Author: Uroš Švagan
Estimated read time: 10 minutes
This article is part of a four-part saga about timba history and development.
In the previous article we emphasized the qualities of timba. Now, we are ready to move forward to the social circumstances that contributed to its development, as well as the predecessors of timba - the artists that contributed to its sound with their innovations before timba's time.
The Cuban revolution and social change
In January 1959 Fidel Castro enters Havana. What followed the revolution was nationalization, a dispute with the US, and the subsequent decline of the tourist industry. Cuban music and the dance industries started going through radical changes. In 1962, the ENA (Escuelas Nacionales de Arte) was established as the school that enabled many Cubans access to free music education. The same year saw the formation of Conjunto Folklórico Nacional, a dance group that is still reviving the wide spectrum of Cuban folkloric dances.
However, most post-revolutionary changes were not so positive. Cuban record companies were nationalized into EGREM (Empresa de Grabaciones y Ediciones Musicales), which established and held a monopoly for decades. Dance clubs were closing, musicians became state employees with regular salaries independent of the record and ticket sales. Successful musicians started emigrating. Thus, Cuban music started separating into the Cuban music in the United States, and the one at home on the island.
Cuban musical crisis and the start of a new fire
In the 60's and 70's island dance music ran into a huge crisis. The only thriving musical concept became the nueva trova, a term describing patriotic revolution worshiping singer-songwriters with guitars. In 1963, Pello El Afrokan created a new rhythm called mozambique, which remained completely local and insignificant in comparison to prerevolutionary genres of the worldwide fame, such as mambo, chacha, son, etc.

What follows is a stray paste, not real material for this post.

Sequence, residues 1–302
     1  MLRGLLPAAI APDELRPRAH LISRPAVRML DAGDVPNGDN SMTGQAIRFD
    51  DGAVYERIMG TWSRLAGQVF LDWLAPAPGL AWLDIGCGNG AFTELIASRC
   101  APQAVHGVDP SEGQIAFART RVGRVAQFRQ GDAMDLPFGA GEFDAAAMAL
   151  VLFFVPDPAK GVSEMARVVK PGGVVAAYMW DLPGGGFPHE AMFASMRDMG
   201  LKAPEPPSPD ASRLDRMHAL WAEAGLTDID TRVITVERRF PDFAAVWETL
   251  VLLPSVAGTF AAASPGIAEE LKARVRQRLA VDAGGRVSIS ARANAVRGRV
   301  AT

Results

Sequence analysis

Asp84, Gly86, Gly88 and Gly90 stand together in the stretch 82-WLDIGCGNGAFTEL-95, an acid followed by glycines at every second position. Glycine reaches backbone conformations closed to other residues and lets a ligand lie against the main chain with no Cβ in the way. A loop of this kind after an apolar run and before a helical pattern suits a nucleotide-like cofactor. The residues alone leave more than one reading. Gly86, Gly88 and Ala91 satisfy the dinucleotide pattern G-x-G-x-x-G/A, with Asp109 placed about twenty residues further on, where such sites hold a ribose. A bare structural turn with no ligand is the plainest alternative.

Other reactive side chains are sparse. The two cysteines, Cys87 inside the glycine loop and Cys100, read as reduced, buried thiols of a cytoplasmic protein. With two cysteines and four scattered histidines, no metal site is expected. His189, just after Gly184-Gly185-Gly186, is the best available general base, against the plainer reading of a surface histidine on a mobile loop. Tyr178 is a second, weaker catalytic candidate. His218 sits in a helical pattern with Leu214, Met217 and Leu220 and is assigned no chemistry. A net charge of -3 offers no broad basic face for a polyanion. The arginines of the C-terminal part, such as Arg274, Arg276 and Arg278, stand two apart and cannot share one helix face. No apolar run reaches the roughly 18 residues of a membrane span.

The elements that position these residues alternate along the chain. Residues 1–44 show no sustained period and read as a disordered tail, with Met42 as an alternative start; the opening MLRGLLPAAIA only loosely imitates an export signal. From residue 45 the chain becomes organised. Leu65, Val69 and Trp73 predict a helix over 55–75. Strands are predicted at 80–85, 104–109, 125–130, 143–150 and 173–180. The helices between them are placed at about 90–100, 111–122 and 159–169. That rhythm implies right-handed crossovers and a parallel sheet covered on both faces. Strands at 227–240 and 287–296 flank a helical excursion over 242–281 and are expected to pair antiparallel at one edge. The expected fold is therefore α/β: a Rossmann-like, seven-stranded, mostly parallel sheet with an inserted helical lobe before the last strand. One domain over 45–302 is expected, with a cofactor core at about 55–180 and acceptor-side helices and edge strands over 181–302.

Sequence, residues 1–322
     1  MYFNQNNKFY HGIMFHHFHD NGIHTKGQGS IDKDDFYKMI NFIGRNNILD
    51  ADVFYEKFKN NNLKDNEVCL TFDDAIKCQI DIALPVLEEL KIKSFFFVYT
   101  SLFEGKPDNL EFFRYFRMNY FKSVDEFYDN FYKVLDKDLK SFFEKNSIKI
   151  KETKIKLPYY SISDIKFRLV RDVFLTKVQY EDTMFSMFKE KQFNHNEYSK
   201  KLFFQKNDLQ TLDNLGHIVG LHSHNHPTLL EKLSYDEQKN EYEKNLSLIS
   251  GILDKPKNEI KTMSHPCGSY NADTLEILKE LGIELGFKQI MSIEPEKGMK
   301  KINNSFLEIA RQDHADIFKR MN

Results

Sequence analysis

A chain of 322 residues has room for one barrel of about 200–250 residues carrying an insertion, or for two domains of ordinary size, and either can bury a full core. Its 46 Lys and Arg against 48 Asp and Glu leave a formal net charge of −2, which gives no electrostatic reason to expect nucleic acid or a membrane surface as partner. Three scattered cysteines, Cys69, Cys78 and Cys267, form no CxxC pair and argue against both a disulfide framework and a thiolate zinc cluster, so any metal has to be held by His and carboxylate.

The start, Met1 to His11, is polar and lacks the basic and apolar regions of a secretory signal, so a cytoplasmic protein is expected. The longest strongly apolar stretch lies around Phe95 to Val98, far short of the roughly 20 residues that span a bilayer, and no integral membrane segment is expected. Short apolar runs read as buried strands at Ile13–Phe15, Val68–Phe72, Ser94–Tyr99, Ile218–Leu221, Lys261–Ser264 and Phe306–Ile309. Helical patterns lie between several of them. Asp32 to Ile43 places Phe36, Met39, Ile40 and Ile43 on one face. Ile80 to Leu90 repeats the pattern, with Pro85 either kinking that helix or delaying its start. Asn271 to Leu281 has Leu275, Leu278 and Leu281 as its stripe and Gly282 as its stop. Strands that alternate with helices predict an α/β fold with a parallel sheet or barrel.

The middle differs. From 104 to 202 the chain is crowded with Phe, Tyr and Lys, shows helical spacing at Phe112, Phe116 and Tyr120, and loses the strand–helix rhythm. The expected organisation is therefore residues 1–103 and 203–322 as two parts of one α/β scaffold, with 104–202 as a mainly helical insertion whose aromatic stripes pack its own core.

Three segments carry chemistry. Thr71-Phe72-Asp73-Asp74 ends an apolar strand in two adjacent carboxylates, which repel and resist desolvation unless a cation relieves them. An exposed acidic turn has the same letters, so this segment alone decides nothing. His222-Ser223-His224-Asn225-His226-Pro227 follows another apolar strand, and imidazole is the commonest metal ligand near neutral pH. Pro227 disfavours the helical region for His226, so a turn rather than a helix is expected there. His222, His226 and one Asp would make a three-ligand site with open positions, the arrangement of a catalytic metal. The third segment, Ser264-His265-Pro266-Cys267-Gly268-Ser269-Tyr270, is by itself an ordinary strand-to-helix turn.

In the meantime, Cuban music in the United States remained more faithful to its roots in son. In 1970’s, the migration of Latinos into the US led to the development of salsa. When US salsa artists (Héctor Lavoe, Fania All Stars, etc.) first came to Havana in 1979, their performance was poorly received, and marked as the capitalist falsification of Cuban music. Only a couple of years later, a very positive reception of Venezuelan Oscar D'León triggered a short period of salsa boom in Cuba. As most of elements of salsa had already been present in Cuban son, it is hard to consider off-island salsa to be a major influence on timba.
Nevertheless, the salsa boom triggered a renewed interest in son on the island. In the 1980s, Adalberto Álvarez y Su Son drew their sound closer to salsa. To regain popularity, Los Van Van introduced trombones to their instrumentation, but kept the charanga and rock elements in their music. They emphasized the clave rhythmic backbone, but started using rumba clave instead of the more mainstream son clave pattern. Orquesta Revé made similar adjustments, but remained deeply rooted in changüí, the predecesor of son. This brief period of imported salsa was soon to be overshadowed by domestic artists, with music closer to the taste of Cuban audiences.
Even though the aforementioned bands did not start the timba movement, they contributed with their innovations to the sound of the modern Cuban dance music. These bands served as talent agencies for musicians that began innovating timba some decades later. In the next article we outline how timba started from these innovations. Let's start by teleporting ourselves to 1989, the year that marks the release of the first timba album proper.
Continued in Part 3.